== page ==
The player in the middle of the controversy that engulfed Spanish soccer after she was kissed on the lips by an official, has accused the country’s soccer federation of trying to intimidate the World Cup-winning players.
- Spain’s new coach Montse Tomé has named 15 boycotting players on the national team
- According to Spanish sports law, players must obey unless circumstances impede them from playing
- The players have said they will not play for Spain until their demands for reform and new leadership were met
Jenni Hermoso — who did not consent to the kiss by the federation’s former president Luis Rubiales during the World Cup awards ceremony last month — said the governing body’s decision to call up nearly half of the 39 players who said they would not play for the national team as a protest, was “irrefutable proof” that “nothing has changed”.
The players had said they wouldn’t come back until their demands for deep reforms and new leadership in the federation were met.
But, on Tuesday, new coach Montse Tomé picked 15 of the players who helped Spain win its first Women’s World Cup last month.
Tomé left Hermoso off the list “as a way to protect her,” she said.
“Protect me from what?” Hermoso said.
“A claim was made stating that the environment within the federation would be safe for my colleagues to rejoin, yet at the same press conference it was announced that they were not calling me as a means to protect me.”
Tomé said she talked to Hermoso and to the other players, and said she was confident that they would all report to training camp.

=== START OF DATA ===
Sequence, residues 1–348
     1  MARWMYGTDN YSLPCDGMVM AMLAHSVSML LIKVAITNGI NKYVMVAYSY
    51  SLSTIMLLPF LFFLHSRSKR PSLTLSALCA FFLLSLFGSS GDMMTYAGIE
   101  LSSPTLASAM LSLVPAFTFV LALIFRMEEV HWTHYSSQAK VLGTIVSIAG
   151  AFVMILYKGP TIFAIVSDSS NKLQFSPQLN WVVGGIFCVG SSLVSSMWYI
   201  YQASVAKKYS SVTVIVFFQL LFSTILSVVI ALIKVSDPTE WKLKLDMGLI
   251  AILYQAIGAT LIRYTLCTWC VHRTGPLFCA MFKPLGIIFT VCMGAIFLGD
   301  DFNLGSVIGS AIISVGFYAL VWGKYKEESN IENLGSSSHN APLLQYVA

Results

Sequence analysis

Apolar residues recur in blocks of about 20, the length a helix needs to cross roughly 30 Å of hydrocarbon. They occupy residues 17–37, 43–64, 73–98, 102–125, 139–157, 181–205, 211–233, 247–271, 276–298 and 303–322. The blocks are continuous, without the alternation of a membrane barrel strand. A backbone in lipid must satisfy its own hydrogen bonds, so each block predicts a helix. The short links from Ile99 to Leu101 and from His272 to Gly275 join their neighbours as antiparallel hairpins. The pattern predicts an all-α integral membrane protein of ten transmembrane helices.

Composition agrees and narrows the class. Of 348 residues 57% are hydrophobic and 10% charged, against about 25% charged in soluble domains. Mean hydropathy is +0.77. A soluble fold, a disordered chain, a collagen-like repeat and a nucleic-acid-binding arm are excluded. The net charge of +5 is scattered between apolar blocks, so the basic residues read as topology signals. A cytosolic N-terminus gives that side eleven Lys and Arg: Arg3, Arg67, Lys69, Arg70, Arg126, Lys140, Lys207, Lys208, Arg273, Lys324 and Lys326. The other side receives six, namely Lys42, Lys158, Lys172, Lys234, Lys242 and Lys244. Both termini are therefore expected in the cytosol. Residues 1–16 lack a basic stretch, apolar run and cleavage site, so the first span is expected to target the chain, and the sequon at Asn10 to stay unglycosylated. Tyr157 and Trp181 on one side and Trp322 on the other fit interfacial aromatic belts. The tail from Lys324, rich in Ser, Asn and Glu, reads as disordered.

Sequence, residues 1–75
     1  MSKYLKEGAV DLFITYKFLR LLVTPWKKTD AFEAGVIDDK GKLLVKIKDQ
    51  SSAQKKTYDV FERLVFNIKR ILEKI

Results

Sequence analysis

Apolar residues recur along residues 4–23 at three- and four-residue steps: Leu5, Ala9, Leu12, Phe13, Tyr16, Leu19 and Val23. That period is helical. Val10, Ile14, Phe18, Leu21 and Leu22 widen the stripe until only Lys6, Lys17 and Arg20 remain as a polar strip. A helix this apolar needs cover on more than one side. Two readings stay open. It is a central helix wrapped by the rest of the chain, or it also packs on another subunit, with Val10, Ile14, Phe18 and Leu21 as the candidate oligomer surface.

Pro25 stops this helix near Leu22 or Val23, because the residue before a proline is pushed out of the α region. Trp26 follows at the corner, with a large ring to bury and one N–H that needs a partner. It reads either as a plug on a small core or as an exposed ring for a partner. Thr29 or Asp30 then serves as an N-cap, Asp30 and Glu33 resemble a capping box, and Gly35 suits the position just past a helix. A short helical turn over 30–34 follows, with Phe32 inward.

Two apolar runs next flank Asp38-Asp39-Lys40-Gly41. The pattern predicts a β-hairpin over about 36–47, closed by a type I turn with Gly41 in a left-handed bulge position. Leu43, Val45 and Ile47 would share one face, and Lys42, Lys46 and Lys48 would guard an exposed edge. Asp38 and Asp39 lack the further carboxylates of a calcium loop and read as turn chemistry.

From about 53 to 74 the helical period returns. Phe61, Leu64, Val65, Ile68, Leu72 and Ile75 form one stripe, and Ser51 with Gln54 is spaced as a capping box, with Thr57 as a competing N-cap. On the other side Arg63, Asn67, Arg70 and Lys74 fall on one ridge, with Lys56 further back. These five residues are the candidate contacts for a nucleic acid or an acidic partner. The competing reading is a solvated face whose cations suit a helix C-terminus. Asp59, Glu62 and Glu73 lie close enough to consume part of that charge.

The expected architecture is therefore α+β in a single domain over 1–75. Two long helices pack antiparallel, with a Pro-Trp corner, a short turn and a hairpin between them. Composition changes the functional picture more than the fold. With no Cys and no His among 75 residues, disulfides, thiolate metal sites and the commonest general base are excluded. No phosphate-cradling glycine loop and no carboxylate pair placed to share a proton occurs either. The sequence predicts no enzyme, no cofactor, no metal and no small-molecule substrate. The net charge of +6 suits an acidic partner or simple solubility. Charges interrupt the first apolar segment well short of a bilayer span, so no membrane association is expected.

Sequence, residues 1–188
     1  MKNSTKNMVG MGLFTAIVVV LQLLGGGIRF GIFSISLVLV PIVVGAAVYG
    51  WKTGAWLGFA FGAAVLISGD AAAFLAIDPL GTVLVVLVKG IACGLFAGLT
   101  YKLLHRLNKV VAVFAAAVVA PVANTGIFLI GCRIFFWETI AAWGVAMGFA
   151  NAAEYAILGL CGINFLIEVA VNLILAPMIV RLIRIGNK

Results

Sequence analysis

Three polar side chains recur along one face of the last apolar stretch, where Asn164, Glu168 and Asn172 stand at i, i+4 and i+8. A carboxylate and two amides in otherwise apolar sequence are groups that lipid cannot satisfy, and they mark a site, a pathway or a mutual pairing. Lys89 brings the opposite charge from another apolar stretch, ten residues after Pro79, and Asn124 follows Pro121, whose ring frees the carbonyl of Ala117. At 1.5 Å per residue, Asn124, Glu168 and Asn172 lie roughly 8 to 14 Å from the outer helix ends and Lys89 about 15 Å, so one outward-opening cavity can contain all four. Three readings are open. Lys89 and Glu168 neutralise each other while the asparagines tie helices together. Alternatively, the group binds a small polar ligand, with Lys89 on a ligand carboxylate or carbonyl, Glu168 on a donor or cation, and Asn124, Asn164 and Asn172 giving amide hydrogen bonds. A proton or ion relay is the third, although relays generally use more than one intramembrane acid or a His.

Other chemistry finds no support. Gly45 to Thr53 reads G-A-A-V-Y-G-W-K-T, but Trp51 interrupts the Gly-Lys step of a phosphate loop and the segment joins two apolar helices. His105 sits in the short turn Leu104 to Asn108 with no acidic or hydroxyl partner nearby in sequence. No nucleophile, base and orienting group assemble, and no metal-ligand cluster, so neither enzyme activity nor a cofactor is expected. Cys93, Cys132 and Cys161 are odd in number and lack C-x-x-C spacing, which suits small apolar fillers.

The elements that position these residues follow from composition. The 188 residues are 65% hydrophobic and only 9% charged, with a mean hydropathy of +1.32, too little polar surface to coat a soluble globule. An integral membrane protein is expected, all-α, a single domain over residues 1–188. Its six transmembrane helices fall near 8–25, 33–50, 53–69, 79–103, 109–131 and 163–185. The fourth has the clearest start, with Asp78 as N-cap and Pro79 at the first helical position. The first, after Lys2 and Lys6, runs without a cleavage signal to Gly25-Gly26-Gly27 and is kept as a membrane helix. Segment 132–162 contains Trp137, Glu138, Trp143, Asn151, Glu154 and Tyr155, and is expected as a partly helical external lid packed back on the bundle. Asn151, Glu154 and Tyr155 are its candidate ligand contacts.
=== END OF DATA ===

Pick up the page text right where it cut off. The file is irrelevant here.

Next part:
The players had earlier said that they were caught by surprise by the call-up and did not plan to end their boycott.
The squad announcement had been originally planned for Friday but was postponed because no agreement had been reached with the players.
On Monday, the federation released a statement in which it publicly reiterated to the players its commitment to structural changes.
“The people who now ask us to trust them are the same ones who disclosed the list of players who have asked NOT to be called up,” Hermoso said.
“The players are certain that this is yet another strategy of division and manipulation to intimidate and threaten us with legal repercussions and economic sanctions.”
According to Spanish sports law, athletes are required to answer the call of its national teams unless there are circumstances that impede them from playing, such as an injury.
The players said they would study the possible legal consequences of not reporting to the training camp, but said they believed the federation could not force them to join the team.
They argued that the call-up was not made in accordance with current FIFA regulations, and some of the players, especially those abroad, would not be able to show up in time.
“I want to once again show my full support to my colleagues who have been caught by surprise and forced to react to another unfortunate situation caused by the people who continue to make decisions within (the federation),” Hermoso said.
“This is why we are fighting and why we are doing it in this way.”
Among the players’ demands was for interim president Pedro Rocha also to resign, and for the women’s team staff to be overhauled.
Last year, 15 players rebelled against former coach Jorge Vilda asking for a more professional environment.
Tomé, an assistant to Vilda at the World Cup, included in her first list some of the players who rebelled.
Spain will play Nations League games against Sweden on Friday and Switzerland on September 26.